Curriculum Guide · Courses
Foreign Relations Law
LL.M Seminar 089 (cross-listed) | 2 credit hours
This is an advanced course on constitutional principles (separation of powers and federalism) bearing on U.S. foreign relations. It focuses on some of the most challenging issues that have divided the American polity from the inception of the Republic to the present day, e.g., the allocation of foreign affairs power between the Executive and Congress; the scope of Presidential power to protect the nation in times of danger; when the President may lawfully disregard a statute; the proper role of the courts in deciding legal issues relating to national security, particularly where civil liberties are at stake; pre-emption of state law by statute, treaty or executive agreement, and the application of customary international law as part of the domestic law of the United States. The materials include both historical debates and contemporary controversies.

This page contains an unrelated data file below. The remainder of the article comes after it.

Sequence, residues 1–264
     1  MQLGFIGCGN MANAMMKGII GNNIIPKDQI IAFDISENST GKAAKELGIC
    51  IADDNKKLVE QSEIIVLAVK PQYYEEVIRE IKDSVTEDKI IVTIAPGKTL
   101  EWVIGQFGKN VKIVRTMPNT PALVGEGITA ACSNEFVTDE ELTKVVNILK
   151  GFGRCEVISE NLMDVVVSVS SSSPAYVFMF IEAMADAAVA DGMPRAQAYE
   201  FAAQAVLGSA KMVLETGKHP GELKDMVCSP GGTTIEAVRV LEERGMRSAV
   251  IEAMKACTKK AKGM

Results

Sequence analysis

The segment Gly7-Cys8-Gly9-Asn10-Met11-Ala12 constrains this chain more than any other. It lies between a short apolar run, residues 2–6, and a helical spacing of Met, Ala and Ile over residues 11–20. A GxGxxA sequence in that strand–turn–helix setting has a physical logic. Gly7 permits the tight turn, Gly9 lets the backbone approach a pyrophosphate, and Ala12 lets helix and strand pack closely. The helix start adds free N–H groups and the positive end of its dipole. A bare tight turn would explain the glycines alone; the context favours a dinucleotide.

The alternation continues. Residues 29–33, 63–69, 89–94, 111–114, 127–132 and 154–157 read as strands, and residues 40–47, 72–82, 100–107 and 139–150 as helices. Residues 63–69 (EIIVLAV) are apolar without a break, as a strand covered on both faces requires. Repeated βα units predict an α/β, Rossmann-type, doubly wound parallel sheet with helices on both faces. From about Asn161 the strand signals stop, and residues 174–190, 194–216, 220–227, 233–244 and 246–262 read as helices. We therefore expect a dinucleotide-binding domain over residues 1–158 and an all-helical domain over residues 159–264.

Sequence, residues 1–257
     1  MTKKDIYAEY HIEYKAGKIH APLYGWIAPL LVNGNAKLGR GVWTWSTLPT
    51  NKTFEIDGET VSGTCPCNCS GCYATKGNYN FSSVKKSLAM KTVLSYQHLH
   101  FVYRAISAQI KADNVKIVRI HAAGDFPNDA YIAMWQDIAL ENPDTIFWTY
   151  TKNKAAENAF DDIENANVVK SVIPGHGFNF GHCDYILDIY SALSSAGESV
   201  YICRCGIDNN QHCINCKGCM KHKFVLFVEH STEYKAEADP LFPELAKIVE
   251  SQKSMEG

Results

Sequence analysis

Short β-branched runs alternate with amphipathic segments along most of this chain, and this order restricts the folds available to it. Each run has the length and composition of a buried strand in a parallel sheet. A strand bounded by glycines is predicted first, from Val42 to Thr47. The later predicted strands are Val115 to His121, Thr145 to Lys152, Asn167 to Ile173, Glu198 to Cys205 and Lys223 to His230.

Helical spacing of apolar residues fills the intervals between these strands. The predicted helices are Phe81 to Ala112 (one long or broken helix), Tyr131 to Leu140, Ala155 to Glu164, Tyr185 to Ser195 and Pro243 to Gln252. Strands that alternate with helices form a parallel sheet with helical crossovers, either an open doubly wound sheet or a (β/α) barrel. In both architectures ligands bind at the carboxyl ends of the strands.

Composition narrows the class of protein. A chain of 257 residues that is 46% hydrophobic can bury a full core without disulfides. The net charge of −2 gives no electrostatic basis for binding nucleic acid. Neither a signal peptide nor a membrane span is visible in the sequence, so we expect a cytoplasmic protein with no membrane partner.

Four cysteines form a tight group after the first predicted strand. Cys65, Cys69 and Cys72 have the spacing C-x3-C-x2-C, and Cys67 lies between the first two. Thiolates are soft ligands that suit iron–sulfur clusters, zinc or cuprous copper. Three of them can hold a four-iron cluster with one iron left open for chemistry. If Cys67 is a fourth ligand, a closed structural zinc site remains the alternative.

Recommended: There are no prerequisites, but familiarity with basic principles of U.S. government is important.
Students may not receive credit for this course and the J.D. courses, Constitutional Aspects of Foreign Affairs Seminar or U.S. Foreign Relations and National Security Law or Foreign Relations Law.
First class attendance is mandatory. All enrolled and waitlisted students must be in attendance at the start of the first class session in order to be eligible for a seat in the class.